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Introducing Scotland’s Fourth Forth Bridge – An April fool built on truth!

Introducing Scotland’s Fourth Forth Bridge – An April fool built on truth!

Ok, it’s time to come clean – we *may* have been a little flexible with the truth, as is traditional on April 1. But our lie was perhaps more truthful than most, because the plans for a second rail bridge over the River Forth really do exist! Here’s Craig Bowman from Network Rail again, to explain all (you really can believe him this time, we promise!):

The real fourth bridge

So, the plans we shared were discovered during recent research into the Forth Bridge for its upcoming visitor experience. Discovered on micro-fiche, the designs were created in 1945 for a second rail bridge over the River Forth. But little is known as to why they were made – perhaps as a back-up in war time, if anything were to happen to the Forth Bridge? There are, however no current plans to build it!

Network Rail (and us!) are really keen to find out more – if you have any information about the plans, please do get in touch by emailing: The Forth Bridge Experience

Were you taken in by our April fool? Let us know what you thought or share pics of the current bridges using #ScotSpirit on Twitter or Facebook, Instagram to give us permission to repost.

The original blogpost – see below for our wee stunt

The Forth Bridge is one of the most recognisable structures in the world today, and we’re pretty proud of that! It’s an iconic symbol of Scotland’s engineering pedigree and ingenuity. And in the Year of Innovation, Architecture and Design 2016 we are delighted to announce that VisitScotland, in conjunction with Network Rail, has unveiled an exciting new project to ensure that the bridge can continue to wow visitors and locals alike for hundreds of years to come – the building of a fourth Forth bridge!

An artist's impression of the Fourth Forth Bridge, positioned to the right of the three other bridges of the forth.An artist’s impression of the Fourth Forth Bridge

A firth of four

Network Rail has reported a huge rise in demand for train travel in Scotland, with initiatives such as the successful launch of the new Borders Railway in 2015 and the Spirit of Scotland Travelpass earlier this year proving that Scots and visitors are keen to travel by train. The new £1,420,160,000 bridge will allow for a staggering 400 trains to cross over the Firth of Forth each day. The new bridge, to be named the Fourth Bridge, will be located to the east of the existing rail bridge, with trains crossing between Edinburgh and Fife and joining the main line at either side using a state-of-the-art switch-track crossing system.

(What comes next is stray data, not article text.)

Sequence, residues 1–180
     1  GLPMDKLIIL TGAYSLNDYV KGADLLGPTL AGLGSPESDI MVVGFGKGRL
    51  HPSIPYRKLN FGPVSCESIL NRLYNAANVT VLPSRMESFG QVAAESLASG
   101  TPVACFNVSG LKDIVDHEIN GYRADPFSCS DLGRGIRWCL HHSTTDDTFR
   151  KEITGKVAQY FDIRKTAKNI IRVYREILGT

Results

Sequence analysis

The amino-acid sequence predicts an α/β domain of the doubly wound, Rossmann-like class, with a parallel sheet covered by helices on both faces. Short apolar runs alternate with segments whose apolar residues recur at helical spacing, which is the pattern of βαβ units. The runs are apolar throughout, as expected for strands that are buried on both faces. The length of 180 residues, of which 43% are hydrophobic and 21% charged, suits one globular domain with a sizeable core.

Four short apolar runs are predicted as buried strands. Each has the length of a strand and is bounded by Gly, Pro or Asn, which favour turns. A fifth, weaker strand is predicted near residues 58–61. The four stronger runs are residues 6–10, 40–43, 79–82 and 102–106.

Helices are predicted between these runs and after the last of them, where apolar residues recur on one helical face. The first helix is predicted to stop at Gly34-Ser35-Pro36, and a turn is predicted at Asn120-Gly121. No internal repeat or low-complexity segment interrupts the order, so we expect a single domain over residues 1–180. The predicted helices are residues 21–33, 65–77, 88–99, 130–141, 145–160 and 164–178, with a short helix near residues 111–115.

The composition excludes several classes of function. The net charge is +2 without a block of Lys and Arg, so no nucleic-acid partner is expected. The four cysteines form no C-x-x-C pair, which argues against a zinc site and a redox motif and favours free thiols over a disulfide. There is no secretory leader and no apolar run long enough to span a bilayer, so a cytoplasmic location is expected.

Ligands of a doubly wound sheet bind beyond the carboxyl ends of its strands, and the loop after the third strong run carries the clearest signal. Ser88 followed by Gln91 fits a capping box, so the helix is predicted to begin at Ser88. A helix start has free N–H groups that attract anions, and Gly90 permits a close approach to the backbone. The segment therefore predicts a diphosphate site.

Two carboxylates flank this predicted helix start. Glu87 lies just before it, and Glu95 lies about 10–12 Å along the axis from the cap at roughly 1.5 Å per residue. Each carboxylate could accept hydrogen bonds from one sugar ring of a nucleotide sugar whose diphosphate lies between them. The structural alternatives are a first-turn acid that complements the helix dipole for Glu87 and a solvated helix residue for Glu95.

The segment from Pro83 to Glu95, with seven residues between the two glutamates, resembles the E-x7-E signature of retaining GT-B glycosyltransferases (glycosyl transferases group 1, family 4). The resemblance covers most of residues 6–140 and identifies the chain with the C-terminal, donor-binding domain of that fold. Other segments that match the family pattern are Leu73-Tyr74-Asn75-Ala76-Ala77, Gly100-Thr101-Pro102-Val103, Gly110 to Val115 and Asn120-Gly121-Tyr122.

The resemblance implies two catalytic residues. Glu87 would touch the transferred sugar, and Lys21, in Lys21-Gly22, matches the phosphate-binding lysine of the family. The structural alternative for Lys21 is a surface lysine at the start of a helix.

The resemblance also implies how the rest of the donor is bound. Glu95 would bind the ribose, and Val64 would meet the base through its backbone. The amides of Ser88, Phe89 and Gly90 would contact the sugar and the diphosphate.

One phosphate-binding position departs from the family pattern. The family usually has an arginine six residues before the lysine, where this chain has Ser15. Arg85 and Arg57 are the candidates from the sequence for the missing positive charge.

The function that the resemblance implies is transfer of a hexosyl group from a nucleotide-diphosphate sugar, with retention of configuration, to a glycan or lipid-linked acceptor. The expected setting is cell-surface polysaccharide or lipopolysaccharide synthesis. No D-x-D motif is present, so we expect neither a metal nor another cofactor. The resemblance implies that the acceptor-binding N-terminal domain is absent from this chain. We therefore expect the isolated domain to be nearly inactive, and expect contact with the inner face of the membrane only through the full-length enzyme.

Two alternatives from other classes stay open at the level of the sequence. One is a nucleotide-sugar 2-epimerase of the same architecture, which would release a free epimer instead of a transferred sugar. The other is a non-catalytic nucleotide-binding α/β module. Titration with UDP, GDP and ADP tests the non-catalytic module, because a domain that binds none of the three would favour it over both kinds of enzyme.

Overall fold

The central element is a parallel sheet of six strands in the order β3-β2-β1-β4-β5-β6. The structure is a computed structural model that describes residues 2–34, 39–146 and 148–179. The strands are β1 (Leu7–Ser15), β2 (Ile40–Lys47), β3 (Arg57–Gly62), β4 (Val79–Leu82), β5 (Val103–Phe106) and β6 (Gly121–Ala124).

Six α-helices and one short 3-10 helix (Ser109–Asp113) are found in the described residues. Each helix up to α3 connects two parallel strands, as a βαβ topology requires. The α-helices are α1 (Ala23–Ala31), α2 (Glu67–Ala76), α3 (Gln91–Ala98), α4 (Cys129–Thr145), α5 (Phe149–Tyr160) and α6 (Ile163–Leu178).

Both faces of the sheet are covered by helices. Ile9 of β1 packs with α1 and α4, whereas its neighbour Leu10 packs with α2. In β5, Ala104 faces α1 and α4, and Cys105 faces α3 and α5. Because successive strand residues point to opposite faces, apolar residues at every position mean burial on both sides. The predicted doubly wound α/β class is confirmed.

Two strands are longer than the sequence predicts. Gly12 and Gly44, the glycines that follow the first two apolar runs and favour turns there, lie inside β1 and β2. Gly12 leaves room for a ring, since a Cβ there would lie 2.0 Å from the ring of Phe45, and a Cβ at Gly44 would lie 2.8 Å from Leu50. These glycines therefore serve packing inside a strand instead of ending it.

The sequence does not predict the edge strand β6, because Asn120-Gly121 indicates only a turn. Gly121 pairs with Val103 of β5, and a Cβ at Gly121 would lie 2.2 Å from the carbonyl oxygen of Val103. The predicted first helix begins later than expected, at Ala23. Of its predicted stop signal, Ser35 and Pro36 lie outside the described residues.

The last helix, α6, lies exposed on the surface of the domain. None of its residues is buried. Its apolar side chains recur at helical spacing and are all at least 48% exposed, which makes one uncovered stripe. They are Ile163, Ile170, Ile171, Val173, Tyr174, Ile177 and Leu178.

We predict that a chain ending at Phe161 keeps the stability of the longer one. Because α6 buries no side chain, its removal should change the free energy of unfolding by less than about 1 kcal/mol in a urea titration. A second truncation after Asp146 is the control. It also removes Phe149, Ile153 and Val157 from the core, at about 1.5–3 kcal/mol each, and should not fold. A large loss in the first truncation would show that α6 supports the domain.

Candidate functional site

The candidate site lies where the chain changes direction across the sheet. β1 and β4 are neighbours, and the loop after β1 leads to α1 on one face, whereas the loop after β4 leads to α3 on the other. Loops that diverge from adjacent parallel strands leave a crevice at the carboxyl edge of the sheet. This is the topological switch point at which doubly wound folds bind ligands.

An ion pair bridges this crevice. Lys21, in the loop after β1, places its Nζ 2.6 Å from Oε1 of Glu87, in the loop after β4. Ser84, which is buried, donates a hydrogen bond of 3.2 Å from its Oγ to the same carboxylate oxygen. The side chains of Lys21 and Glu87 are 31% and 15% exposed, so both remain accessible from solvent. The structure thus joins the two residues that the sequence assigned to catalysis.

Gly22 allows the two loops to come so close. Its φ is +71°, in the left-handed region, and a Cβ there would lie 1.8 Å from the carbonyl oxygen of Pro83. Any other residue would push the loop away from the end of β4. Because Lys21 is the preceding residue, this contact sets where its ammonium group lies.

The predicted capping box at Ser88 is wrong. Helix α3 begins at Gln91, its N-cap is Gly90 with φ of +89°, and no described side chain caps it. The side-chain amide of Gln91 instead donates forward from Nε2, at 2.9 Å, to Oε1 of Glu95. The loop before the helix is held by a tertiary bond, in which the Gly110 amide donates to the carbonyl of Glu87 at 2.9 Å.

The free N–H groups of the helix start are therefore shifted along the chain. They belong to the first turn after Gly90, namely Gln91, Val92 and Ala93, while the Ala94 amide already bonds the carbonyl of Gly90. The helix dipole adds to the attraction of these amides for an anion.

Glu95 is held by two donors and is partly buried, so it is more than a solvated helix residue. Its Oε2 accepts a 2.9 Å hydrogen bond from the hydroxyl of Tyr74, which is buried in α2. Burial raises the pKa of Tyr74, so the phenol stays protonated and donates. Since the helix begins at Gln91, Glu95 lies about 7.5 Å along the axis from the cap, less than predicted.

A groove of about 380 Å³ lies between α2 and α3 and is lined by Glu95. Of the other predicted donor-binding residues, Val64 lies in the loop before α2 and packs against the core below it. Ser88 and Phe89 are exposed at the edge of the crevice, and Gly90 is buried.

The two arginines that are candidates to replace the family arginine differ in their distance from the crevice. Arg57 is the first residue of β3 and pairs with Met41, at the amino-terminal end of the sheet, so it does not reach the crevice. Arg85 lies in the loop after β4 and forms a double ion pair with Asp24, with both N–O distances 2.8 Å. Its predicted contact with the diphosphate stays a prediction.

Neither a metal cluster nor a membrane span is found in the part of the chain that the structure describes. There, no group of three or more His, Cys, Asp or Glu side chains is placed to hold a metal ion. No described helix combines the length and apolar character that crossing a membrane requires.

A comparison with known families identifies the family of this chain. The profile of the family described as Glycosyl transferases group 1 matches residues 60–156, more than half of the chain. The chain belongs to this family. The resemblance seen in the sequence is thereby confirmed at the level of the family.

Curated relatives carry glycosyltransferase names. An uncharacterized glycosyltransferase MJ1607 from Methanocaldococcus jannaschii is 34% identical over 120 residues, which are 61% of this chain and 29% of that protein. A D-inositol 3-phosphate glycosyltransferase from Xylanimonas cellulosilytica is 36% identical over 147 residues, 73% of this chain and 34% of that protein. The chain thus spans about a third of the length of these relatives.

Here’s Craig Bowman from Network Rail with more information on the new bridge:

Great days out

The Fourth Bridge will bear the majority of the daily train crossings, leaving the original Forth Bridge free to become an even more fantastic attraction, with special steam train rides, bridge climbs and themed excursions available throughout the year. You’ll even be able to purchase a special round trip ride over both bridges, so that you can admire the Forth Bridge from the adjacent bridge, and get great snaps of it too!

A blueprint of the three-arched Fourth Bridge, with the Forth Bridge visible in the distance.

Inspired by history

Construction will commence in 2018 and the blueprint of the design shows a triple-arched bridge that will complement the existing Forth Bridge. Inspired by early 20th Century engineering, the bridge is an ambitious project said to be the equivalent of building three Sydney Harbour Bridges back to back. Building will be overseen by Scottish architect Ailsa Polyford, whose current work includes bridges in Berlin, Tokyo and Manchester.

We’ve always had our finger on the creative pulse – just take a look at this animation for a taste of Scotland’s contribution to the world of innovation, architecture and design!

Find out more about Scotland’s scenic railway journeys

What do you think about the new bridge? Let us know or share pics of the current bridges using #ScotSpirit on Twitter or Facebook, Instagram to give us permission to repost.

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